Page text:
Sigmund Freud and Psychoanalysis

Sigmund Freud’s theories have formed the basis for much of modern psychoanalytic practice. Ideas that were considered radical in the early 1900s, such as early childhood experiences effecting development as an adult or people finding fault in others representing struggles with themselves, seem obvious today. They have entered common knowledge as a direct result of Freud’s pioneering work.

However, contrary to many cultural depictions of the psychoanalytic process, psychoanalysis is not all about repressed memories and Oedipus complexes. Psychoanalytic theory has moved far beyond Freud, rejecting some of his theories and building upon others, to grow and change as the understanding of mental health has evolved.

Drawing from Freud along with other sources, the Boston Graduate School of Psychoanalysis equips students to apply the theories of modern psychoanalysis and develop a deep understanding of mental and emotional functions, offering carefully crafted, relevant courses, fieldwork externships, therapy center internships, and other opportunities for a well-rounded educational experience.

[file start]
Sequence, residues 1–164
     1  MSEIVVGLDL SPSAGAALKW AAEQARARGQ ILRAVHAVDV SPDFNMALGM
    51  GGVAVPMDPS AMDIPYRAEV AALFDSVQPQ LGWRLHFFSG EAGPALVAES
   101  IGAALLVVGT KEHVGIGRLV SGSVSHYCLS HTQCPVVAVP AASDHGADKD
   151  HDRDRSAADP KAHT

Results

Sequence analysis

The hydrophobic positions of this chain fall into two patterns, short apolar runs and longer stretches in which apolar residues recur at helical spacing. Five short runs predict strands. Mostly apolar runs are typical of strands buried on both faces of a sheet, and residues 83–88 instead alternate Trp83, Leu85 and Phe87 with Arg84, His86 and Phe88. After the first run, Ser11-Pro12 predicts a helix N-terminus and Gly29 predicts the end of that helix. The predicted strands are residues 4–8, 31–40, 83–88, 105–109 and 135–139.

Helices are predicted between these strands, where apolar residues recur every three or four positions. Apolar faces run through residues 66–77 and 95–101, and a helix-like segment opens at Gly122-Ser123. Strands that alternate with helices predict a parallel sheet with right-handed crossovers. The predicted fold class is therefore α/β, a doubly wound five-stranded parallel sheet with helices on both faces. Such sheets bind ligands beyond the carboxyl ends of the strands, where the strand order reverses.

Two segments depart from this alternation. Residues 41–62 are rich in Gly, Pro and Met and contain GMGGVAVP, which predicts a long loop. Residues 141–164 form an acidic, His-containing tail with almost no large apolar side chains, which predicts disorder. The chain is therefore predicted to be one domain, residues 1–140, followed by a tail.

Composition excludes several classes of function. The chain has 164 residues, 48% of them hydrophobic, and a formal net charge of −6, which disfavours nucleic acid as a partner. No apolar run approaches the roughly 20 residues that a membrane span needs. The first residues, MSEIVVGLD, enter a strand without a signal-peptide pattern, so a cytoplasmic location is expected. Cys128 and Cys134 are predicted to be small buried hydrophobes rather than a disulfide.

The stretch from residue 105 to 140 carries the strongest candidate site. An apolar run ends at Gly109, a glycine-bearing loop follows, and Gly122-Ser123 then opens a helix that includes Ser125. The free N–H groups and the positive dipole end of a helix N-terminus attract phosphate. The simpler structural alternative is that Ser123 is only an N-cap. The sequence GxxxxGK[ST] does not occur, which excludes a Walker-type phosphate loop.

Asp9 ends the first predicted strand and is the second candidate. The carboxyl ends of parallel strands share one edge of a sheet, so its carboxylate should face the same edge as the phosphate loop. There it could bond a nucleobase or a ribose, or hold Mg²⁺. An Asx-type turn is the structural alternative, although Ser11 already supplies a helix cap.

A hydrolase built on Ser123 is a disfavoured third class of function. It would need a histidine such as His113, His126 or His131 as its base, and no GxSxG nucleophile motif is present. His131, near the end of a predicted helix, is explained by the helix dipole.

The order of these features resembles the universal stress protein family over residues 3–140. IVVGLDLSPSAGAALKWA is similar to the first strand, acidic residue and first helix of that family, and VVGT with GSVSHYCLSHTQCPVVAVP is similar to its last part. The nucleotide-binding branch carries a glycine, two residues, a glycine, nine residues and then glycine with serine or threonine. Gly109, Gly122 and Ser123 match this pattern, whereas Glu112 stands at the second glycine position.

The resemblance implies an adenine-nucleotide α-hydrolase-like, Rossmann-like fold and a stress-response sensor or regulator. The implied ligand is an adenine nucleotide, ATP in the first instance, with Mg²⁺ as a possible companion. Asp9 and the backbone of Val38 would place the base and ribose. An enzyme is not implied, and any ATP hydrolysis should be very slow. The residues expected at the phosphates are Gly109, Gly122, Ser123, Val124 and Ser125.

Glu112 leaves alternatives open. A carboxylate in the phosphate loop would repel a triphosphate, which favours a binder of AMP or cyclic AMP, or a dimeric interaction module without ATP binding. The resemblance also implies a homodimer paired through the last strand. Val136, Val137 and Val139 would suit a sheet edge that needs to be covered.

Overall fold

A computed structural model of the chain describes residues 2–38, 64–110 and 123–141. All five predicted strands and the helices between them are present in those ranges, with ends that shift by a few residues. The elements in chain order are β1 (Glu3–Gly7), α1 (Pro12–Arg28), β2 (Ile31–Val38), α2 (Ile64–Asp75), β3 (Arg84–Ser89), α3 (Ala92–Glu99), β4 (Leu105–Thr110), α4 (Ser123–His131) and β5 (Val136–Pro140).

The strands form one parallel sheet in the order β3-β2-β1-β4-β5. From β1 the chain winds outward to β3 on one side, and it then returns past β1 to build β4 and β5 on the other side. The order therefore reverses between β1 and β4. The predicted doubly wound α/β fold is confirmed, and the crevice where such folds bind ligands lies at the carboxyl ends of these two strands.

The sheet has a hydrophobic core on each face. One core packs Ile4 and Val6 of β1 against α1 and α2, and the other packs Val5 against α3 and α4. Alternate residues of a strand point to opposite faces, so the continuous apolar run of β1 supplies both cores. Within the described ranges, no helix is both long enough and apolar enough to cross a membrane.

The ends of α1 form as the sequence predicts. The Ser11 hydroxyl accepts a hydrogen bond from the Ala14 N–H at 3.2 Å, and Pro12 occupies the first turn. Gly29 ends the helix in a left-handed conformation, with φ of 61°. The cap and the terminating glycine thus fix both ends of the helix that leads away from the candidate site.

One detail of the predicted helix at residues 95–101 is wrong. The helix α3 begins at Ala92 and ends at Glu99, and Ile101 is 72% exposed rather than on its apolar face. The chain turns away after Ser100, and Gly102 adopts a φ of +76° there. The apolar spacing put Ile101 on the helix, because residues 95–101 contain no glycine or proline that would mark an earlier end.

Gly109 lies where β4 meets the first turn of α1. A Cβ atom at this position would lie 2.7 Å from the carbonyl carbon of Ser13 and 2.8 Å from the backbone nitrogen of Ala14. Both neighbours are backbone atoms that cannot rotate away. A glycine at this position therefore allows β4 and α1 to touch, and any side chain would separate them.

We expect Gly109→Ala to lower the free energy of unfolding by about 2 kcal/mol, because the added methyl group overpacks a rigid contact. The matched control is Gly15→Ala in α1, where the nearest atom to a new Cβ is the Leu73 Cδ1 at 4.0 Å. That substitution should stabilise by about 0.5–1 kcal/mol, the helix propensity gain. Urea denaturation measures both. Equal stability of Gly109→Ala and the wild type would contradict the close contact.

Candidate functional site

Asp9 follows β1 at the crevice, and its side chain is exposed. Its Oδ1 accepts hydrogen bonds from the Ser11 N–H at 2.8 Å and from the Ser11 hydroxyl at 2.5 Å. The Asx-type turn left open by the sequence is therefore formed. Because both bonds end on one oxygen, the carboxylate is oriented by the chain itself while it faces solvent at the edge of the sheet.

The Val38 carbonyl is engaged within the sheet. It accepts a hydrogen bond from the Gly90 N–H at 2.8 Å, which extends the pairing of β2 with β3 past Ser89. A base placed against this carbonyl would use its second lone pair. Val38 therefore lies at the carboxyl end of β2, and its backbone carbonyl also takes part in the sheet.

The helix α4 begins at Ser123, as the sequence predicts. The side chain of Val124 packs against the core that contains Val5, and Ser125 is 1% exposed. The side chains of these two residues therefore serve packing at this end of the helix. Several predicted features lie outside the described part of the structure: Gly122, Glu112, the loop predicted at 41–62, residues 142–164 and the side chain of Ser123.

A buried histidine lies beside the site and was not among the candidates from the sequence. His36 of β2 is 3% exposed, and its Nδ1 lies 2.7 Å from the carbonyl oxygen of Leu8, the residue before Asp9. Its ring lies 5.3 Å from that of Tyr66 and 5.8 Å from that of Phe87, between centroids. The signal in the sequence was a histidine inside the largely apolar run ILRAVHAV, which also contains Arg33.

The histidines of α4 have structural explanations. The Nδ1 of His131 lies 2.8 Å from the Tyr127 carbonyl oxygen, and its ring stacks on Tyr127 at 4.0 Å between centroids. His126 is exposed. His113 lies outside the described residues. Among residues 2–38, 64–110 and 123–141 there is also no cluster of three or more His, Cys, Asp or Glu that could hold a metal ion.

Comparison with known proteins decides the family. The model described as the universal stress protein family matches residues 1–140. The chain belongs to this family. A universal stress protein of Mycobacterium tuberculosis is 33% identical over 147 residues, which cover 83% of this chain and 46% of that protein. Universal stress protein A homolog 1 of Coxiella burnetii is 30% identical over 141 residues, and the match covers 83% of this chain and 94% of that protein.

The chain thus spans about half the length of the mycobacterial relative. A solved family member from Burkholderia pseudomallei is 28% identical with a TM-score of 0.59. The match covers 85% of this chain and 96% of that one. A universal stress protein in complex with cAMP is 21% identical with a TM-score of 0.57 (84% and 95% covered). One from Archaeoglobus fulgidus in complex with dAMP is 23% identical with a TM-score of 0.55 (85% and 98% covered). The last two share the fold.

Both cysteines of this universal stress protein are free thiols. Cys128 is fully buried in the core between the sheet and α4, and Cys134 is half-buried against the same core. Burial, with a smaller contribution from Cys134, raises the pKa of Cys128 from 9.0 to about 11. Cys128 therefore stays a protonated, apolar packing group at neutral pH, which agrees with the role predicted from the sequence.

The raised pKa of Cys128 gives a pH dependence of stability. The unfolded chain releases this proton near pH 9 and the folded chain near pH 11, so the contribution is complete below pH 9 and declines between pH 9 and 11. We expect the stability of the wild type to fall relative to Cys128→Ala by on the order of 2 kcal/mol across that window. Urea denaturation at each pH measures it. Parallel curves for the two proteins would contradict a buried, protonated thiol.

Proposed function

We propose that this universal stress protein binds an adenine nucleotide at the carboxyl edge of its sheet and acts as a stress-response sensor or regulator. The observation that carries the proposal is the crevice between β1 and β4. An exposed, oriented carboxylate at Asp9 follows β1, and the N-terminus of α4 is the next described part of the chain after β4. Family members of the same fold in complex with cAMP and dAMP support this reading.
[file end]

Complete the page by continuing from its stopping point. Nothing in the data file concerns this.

About bostongraduateschoolofpsychoanalysis

The Boston Graduate School of Psychoanalysis has been providing psychoanalytic training for more than 35 years. It is the only regionally accredited, degree granting, independent psychoanalytic graduate school in the country offering Master of Arts in Psychoanalysis, Master of Arts in Psychoanalytic Counseling, and Doctoral programs in Psychoanalysis. It is one of the few such institutes in the world. BGSP also offers a One–Year Program through its continuing education department. This program is designed to enrich the work of clinical practitioners and professionals who are employed in various disciplines.
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